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Chinese explorers stand by claim of Noah's Ark find in Turkey

The Hong Kong-based team rebutted skepticism over their claims of finding Noah's Ark in Turkey, though they said further research is needed to prove beyond doubt that they have located the fabled biblical boat.

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Open to interpretation

Creationists, like many of those searching for the ark, have long sought evidence of Noah's Ark to reaffirm their belief that God created the world in seven days and judges the wicked, as when the world was destroyed in a flood that spared only Noah and his family.

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“If Noah built a real solid boat just like you or I could build a solid boat, and traveled over a stormy sea just like you or I could travel over a stormy sea, and landed on solid ground just like you or I could land on solid ground, if all that could be affirmed, it would also affirm the moral theories that they’re interested in,” says Christopher Toumey, an anthropology professor at the University of South Carolina.

The story of an ancient flood is more ancient than Genesis, says Professor Toumey. A passage from the Sumerian epic Gilgamesh, among the world's oldest known literature, tells of a man named Ziusudra surviving a great flood. The Babylonian version of that story says Utnapishtum survives the flood. The plot was reworked and the name again changed, this time to Noah, in the version in the book of Genesis.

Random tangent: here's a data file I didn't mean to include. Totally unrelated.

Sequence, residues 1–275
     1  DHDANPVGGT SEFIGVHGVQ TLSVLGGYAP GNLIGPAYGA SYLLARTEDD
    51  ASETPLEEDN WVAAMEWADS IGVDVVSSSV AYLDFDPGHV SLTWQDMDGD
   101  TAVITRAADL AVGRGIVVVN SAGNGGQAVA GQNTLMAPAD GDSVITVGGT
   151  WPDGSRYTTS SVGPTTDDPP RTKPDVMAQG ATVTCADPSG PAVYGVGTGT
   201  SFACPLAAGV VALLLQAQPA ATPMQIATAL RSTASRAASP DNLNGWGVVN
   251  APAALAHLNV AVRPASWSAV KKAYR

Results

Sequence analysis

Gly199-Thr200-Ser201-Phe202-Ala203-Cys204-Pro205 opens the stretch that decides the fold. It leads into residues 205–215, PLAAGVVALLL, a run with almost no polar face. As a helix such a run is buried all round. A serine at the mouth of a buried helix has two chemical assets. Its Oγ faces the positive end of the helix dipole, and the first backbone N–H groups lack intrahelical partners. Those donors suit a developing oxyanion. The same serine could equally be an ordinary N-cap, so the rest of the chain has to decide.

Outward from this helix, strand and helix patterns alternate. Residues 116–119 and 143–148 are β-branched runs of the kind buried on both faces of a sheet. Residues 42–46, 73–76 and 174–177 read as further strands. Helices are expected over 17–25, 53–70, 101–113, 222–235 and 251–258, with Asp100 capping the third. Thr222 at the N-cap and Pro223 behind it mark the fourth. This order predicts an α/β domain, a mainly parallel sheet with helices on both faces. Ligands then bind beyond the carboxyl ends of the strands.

As such, Toumey says the discovery of Noah's Ark may not necessarily prove useful to evangelical Christians.

“Obviously they want it to affirm the story of Noah. It could just as easily affirm the story of Ziusudra or Utnapishtum,” Toumey told the Monitor.

Investigation continues

Turkey’s culture minister this week ordered a probe into how NAMI brought pieces of the wood sampled from Turkey to China.

“How did these objects get there [to Hong Kong] and under whose authority were the officials present there? We are investigating this,” Culture and Tourism Minister Ertuğrul Günay said, according to local newspaper Today’s Zaman. At the same time he welcomed the finding and said it could boost tourism.

The next step in the discovery, says Wei, is to coordinate with scientists, researchers, and the Turkish government to conduct further studies on the site.

Mrs. Wei says she is 99.9 percent sure they have found Noah’s Ark.

“We need scientists to give us another 0.1 percent.”

[Editor's note: The original article was unclear regarding how long Noah's Ark was afloat. According to the Book of Genesis chapters 7 and 8, a storm raged for 40 days and 40 nights, and Noah's Ark floated on the flood waters for about five months before coming to rest "on the mountains of Ararat." Noah, his family, and two of every animal remained inside the boat for about 13 months total.]


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